Scientific Program

Conference Series LLC Ltd invites all the participants across the globe to attend 14th International Conference and Exhibition on Cosmetic Dermatology and Hair Care Madrid, Spain.

Day 1 :

Keynote Forum

Dr. Aslı Eralp

Dr Aslı Eralp Clinic, Turkey

Keynote: Laser therapy in melasma

Time : 11:35-12:05

Cosmetic Dermatology 2018 International Conference Keynote Speaker Dr. Aslı Eralp photo
Biography:

Dr. Aslı Eralp has graduated from Hacettepe Medical Univercity in Ankara in 1993. In 1997 she finished her dermatology training and started to work in a goverment hospital as a dermatologist. In 1998 she started to deal with cosmetic procedures. In 2004 she opened her private clinic. As well as patients with dermatological illnesses, she has been treating patients with hyperpigmentation, different kinds of scars, vascular lesions such as port wine stains, hemangiomas. She has experience in using  different kinds of lasers such as fractional CO2 lasers, Q switched Nd:YAG , Thulium and vascular lasers and also fractionated microneedle radiofrequency.  Further more she has been training her colleagues about antiaging treatments such as chemical peeling, mesotherapy, Botox, fillers and thread lifting for more than 10 years. Recently she had a lecture about fractionated microneedle radiofrequency in 2nd International Dermatology and Cosmetology Congress 2017 in Istanbul.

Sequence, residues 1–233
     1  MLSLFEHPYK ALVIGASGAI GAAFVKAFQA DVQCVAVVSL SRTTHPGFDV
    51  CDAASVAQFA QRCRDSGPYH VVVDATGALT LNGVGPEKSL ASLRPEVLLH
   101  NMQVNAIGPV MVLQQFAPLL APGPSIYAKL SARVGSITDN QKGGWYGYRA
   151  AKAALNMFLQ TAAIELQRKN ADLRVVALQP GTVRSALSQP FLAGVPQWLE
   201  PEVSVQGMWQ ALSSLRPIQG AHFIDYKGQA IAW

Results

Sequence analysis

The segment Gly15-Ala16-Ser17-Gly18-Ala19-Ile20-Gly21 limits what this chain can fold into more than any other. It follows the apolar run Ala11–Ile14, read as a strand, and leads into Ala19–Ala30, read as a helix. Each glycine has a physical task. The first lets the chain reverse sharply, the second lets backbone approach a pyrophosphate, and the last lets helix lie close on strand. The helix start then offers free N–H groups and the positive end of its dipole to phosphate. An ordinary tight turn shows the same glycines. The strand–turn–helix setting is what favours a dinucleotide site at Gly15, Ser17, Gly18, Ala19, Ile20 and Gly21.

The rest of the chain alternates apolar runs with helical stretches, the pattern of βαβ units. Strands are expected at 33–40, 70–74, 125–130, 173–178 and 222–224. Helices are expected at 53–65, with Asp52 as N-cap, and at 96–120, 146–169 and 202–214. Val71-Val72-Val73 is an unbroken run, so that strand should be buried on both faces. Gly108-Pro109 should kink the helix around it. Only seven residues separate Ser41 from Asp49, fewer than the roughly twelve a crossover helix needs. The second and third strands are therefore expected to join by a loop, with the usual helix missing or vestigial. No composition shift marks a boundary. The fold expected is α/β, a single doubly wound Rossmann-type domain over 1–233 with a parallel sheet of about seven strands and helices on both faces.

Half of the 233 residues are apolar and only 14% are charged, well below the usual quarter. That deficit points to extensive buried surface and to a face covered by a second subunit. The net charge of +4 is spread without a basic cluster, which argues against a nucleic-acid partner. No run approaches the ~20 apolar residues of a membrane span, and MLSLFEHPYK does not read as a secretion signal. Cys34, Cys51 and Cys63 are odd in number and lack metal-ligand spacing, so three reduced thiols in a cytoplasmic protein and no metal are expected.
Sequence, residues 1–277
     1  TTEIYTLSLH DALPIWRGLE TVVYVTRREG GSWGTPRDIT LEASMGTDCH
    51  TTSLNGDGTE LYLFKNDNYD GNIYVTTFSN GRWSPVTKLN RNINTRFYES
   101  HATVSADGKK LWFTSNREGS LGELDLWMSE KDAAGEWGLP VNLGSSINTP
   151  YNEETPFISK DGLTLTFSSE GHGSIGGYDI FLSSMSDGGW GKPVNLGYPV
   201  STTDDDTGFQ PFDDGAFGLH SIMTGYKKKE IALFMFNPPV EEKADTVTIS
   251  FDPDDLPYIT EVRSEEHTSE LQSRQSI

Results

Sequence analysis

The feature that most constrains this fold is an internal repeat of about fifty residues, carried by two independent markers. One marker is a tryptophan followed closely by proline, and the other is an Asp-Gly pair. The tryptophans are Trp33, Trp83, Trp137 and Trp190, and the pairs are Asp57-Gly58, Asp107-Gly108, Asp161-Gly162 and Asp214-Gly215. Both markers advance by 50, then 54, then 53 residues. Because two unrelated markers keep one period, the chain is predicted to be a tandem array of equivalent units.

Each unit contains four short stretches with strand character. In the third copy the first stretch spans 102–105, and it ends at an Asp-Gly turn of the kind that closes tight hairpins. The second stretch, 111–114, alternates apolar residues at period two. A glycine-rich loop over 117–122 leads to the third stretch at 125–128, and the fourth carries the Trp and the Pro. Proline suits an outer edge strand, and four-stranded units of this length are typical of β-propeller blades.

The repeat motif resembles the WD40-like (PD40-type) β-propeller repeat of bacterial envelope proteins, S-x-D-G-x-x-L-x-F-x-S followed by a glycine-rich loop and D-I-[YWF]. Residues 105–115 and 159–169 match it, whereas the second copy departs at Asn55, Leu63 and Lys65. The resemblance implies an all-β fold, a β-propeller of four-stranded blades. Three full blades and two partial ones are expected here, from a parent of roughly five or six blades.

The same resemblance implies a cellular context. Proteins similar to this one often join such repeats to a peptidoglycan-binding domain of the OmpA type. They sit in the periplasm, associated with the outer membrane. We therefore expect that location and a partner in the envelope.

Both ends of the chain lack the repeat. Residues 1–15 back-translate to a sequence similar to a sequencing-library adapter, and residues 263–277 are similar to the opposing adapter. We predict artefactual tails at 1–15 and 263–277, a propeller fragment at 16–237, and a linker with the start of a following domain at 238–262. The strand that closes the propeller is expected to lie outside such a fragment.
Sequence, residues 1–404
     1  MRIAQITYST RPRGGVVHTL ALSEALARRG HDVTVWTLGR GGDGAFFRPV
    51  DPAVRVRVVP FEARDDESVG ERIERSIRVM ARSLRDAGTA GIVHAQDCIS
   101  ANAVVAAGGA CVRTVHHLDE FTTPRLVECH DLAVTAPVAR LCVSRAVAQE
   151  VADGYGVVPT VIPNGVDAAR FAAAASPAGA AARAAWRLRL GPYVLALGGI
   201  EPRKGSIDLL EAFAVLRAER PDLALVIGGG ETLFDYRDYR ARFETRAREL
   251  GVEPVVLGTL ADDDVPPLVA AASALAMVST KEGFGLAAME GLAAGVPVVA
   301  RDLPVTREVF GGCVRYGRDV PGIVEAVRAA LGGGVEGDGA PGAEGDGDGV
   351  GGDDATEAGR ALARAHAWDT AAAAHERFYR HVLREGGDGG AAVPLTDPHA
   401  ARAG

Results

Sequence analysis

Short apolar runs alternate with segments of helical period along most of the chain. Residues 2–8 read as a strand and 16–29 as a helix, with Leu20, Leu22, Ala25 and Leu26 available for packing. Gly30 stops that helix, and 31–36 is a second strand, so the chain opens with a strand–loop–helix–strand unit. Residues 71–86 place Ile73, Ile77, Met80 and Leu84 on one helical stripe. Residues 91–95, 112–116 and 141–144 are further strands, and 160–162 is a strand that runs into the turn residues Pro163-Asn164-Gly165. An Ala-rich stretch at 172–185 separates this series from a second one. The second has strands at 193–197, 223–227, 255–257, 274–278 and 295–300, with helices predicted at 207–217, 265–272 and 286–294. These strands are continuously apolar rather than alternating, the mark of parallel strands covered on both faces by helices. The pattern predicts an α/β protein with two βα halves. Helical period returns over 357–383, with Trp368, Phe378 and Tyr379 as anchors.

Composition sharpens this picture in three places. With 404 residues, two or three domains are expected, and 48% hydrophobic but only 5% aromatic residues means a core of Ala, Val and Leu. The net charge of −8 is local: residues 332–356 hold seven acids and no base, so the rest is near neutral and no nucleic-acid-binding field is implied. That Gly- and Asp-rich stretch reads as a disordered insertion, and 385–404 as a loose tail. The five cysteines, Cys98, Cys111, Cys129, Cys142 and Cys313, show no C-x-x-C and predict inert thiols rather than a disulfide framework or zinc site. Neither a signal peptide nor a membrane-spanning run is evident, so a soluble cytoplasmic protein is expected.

Abstract:

Melasma therapy is so challenging and relapses are so frequent that we need different treatment modalities like lasers. Although lasers facilitate our therapy, they should be used cautiously, since they can also enhance melasma causing postinflamatory hyperpigmentation. Since melasma can be both epidermal and dermal and also can have vascular component,  we need different wavelenghts so that we can achieve good results.

Melasma is a chronic and relapsing hyperpigmentation mostly of the face but sometimes of the neck, chest and forearms. Melasma occurs frequently during pregnancy and menapouse when there is hormonal alterations and also using birth control pills has a strong association with melasma. Since there is no definite etiology for melasma,  treatment is a challenge for most of the dermatologists.

Melasma is classified by both location and depth of involvement. Based on the location the three most common types of melasma are centrofacial, malar and mandibular. If we consider the depth of melasma , it could be epidermal, dermal, mixed or intermediate. By the help of the Wood’s lamp, we can distinguish these entities.

Besides using topical medication such as “Kligman’s formula”, azelaic acid, retinoic acid, arbutin, kojic acid,  there are different laser and light based devices to use in the treatment of melasma.

The five board categories of laser and light therapy include intense pulsed light (IPL), Q-switched lasers, picosecond lasers, ablative and nonablative fractionated resurfacing lasers (NAFL) and vascular lasers.

IPL therapy has a potential advantage over laser therapy, because it uses a spectrum of wavelengths that allow for the penetration of various levels of the skin and target both epidermal and dermal melasma simultaneously.

Studies done by low fluence Q switched Nd:yag lasers show that they are effective in dermal type of melasma and are safe to treat patients with melasma. However the recurrence rates suggest poor long-term results when the laser is used as monotherapy.

NAFLs utilize midinfrared wavelenghts that bypass the epidermis and penetrate from the dermal-epidermal junction to the midreticular dermis to induce neocollagenesis and remodeling. This facilitates the removel of dermal melanophages.

No matter which treatment is used there is always a risk of recurrence of melasma. The longest delay seems to be with NAFL treatments.